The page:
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Las Vegas casinos are 'preparing properly,' there no definitive dates to reopen

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The Las Vegas strip may not return to normal following the coronavirus outbreak, as casinos have to follow certain protocols to assure the safety of customers. Andre Carrier, COO of Eureka Casinos, joins Yahoo Finance to discuss.

Video Transcript

ALEXIS CHRISTOFOROUS: Everyone from tourists to Nevada's governor want to see the Las Vegas Strip reopen after the spread of COVID-19, but just when will it start to reopen is a big question mark. Joining us now is Andre Carrier, COO of Eureka Casinos. Andre, thanks for being with us. Do you have any idea when casinos may be able to reopen there in Vegas?

ANDRE CARRIER: You know, first of all, thanks for having me this morning. We don't have a definitive date as of yet. We do have steps, stages that are beginning to occur. The governor has rolled out a plan where he has transitioned certain authority in that process over to the Nevada Gaming Control Board, and the Nevada Gaming Control Board has issued their standards as well as the Southern Nevada Health District. So similar process to what we're seeing in other parts of the country as we're all getting the opportunity to prepare properly, but no definitive date's been given as of yet.

ALEXIS CHRISTOFOROUS: So, Andre, when you talk about preparing properly, how do you imagine reopening a casino and continuing social distancing?

ANDRE CARRIER: So we are in the process of imagining that, and clearly distancing is part of it. You know, we're blessed that casino floors, by their nature, are large, and we do have the ability to spread out games and equipment. Clearly you're seeing-- in all customer-service areas you're seeing the installation of plexiglass. Where possible, you're seeing more processes become automated to lessen the guests' interaction where possible. You're seeing processes where we're introducing far more frequently sanitation practices in order to be able to cleanly provide rapidly clean environments for the guests.

BRIAN SOZZI: Andre, what goes away in this postpandemic world? Do certain games get taken off the table, no pun intended? Does the buffet get taken away? What happens?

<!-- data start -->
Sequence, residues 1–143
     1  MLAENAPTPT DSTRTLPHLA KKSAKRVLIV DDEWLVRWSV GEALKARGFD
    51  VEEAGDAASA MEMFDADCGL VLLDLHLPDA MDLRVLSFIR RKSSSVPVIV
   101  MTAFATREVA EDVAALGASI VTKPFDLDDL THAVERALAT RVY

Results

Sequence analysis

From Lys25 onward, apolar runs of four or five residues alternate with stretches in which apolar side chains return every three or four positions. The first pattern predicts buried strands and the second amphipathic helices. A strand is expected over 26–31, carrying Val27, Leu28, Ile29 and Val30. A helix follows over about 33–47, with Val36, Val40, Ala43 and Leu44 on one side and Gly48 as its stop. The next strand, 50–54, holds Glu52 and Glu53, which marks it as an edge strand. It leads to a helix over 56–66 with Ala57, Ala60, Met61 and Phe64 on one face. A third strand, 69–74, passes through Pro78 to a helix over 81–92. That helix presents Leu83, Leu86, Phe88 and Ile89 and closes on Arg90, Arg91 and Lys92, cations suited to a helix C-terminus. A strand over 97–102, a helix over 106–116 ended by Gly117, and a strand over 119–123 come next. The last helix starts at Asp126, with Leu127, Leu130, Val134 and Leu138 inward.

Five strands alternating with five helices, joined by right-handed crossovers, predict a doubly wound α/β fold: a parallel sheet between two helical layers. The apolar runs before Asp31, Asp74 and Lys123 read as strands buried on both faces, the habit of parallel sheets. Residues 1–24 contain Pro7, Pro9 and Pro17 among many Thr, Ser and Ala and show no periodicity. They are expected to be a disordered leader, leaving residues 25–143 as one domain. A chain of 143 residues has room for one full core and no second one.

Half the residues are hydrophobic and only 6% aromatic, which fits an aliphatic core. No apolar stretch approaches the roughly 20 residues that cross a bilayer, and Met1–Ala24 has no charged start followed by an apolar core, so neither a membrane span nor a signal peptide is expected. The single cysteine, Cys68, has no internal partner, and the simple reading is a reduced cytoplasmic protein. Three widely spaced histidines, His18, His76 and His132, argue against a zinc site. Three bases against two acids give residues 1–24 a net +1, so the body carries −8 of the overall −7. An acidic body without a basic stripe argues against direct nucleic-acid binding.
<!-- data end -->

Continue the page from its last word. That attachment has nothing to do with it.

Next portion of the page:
ANDRE CARRIER: It's interesting you bring that up. So so far the Southern Nevada Health District did give guidance that they'd rather us not open the buffets right away. As to other games, no. I think that, you know, poker is a game that is best played full. And so I think as you apply social-distancing logic to a poker game and you have four people on it, that game changes because you're not playing against the house there.

But that's all. I think you may see fewer games on the floor in order to provide the spacing required. So where some casino environments may have had 2,000 games, there may be fewer when we come back.

ALEXIS CHRISTOFOROUS: Andre, are you concerned the appetite just might not be there? I mean, people may not want to be returning to malls. People may not want to be returning to casinos. I mean, after all, they're not essential businesses. So are you concerned, and how are you incentivizing people to get back into the casino?

ANDRE CARRIER: Yeah, so first, like everybody, we're waiting. And, you know, concern is a word you could use, but I think just anticipating to respond to what demands are.

You know, casino players and resort vacationers are hobbyists. And just like skiers will ski with man-made snow when the powder gods haven't delivered, I think we'll see people who are hobbyists and enthusiasts, you know, return to playing, and I think we'll see vacationers doing the same thing and business travelers not far behind that. The question is how long does that take, and what can we do as an industry to give people more confidence-- first our employees and then the guests.

And that's why the University of Nevada Las Vegas has brought forward the Lee Prize, which is a million-dollar prize to help us innovate the way forward so that we can find out what the casino of tomorrow will look like, and what innovations can we bring forward that give our employees more confidence returning to work and our visitors more confidence?

ALEXIS CHRISTOFOROUS: All right, Andre Carrier, COO or Eureka Casinos, thanks for some insight there on your industry, and best of luck to you.

ANDRE CARRIER: Thanks so much for having me on.